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Whenever Roberts brought up Manson with his mother, she got angry and shut down any further conversation. Seeking more concrete answers, he contacted Manson.

"I wrote letters to him in 2001 and asked if he remembered my mother, and the events surrounding my conception and he wrote back immediately - like two weeks later, I got a letter from him and another one right away, and he remembered my mother and told me details that he seemingly could not have known had he not at least been there at that time: Details about her father - my grandfather - chasing him away, calling him 'bad biker trash outlaw bandit' - all of which was consistent with what my mother told me."

In fact, it was Roberts' grandfather scaring Manson off that saved her from a worse fate, especially considering how her fragile mental state might have made her susceptible to influence. "She was able to avoid all of the murder and mayhem, as she was not around for all of that."

While Manson was not present during the infamous Manson Family murders of 1969, in which seven people were brutally killed, he was found guilty of directing members of his cult to commit the acts. As a consequence, he was convicted on seven counts of first-degree murder by a Californian court.

Despite corresponding via post over the past 15 years, Roberts has never met his father, and admits he doesn't have much of a relationship him. As may be expected for the son of one of the 20th Century's most infamous figures, safety is an issue.

"At one point I asked him if I could come visit, and he was suggesting that bad people were intercepting my mail - murderers and rapists - that were threatening to do me harm once they got out of jail and he suggested that these people were not people I would want knowing who I was. So this, mind you, was Charles Manson telling me that these were bad people wishing to do me harm so I took it to heart and chose not to go visit him.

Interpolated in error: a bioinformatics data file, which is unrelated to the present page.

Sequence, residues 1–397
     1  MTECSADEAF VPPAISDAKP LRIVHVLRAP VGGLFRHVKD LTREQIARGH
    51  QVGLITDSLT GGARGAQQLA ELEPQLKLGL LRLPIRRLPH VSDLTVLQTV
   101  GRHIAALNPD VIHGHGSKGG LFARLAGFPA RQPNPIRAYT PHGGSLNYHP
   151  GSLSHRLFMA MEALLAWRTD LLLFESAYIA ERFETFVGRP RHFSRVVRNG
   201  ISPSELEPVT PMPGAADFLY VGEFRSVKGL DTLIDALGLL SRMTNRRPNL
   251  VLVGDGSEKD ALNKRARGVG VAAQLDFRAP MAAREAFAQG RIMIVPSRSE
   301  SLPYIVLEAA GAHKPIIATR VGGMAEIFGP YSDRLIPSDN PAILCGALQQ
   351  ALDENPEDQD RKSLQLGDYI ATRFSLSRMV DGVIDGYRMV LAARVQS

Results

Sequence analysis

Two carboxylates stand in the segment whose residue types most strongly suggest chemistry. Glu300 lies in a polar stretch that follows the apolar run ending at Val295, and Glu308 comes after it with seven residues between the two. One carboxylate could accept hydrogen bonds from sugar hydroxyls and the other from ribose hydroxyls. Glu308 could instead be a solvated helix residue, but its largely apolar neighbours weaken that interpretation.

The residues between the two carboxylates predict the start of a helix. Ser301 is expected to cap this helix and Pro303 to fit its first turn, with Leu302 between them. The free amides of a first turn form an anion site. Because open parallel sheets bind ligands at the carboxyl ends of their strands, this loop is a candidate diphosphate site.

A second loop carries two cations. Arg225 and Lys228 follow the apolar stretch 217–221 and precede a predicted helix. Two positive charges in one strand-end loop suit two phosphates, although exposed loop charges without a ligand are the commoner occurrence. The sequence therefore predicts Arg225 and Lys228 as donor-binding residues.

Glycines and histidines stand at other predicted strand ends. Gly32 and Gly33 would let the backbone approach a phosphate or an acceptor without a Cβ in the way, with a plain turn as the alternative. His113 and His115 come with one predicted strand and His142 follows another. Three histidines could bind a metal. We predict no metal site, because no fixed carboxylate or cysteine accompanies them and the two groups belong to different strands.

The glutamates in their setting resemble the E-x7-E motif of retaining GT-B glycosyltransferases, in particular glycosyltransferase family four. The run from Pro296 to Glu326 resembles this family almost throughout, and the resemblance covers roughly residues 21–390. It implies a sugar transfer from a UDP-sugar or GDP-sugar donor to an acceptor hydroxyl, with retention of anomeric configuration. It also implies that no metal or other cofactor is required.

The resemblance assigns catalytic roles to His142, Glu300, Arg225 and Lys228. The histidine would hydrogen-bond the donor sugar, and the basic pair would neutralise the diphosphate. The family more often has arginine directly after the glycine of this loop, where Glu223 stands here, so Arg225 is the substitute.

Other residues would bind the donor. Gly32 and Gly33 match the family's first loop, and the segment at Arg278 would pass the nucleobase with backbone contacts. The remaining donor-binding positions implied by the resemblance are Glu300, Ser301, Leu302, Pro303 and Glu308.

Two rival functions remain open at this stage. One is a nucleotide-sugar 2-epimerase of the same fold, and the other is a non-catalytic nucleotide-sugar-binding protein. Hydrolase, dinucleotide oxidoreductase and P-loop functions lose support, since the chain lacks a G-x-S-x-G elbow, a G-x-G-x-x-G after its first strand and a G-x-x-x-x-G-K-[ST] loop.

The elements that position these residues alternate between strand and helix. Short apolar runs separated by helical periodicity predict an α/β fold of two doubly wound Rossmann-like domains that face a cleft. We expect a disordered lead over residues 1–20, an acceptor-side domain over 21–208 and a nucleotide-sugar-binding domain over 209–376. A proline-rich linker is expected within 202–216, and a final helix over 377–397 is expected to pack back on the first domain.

"One letter he wrote, 'I hope you weren't in St. Louis recently because there was a little black girl who was cut up into pieces and put into a brown suitcase and they're already calling you Suitcase Alexander [his given surname from his birth mother] because they want to get you accused of the crime to get you in jail."

Despite their mail correspondence, Roberts is under no illusions regarding their bond.
"Some of his letters are very heartfelt and kind of fatherly advice, and then others he gets mad at me like when he got upset about the lyrics of my song that reads, 'What would you do if you found out Charlie Manson raped your mum?'"

This was prior to his mother recanting this, and now Roberts realises the full impact of his public claim.

"They don't treat people in prison very well who are accused of rape, so I regret any problems that might have caused him. He also got upset when I called his girlfriend Star [Afton Elaine Burton] an opportunistic pariah, even though I was just kind of joking - but it became a headline and went viral."

Not surprisingly, being the son of Charles Manson isn't really a door-opener when it comes to pursuing a life in music, Roberts' chosen profession. Despite this, Roberts has enjoyed a successful career, with his music published in 52 countries. Still, there are those who think he is attempting to use his father's infamy to further his own agenda.

"I get a lot of flack from people saying I'm trying to ride on some kind of legacy or trying to build a career", he admits. "It has done nothing to advance my career; if anything it has ruined it.

"From the age 29 until this very day - I am now 48 - I live in chaos and uncertainty, and frankly it sucks. I think it is the worst possible outcome."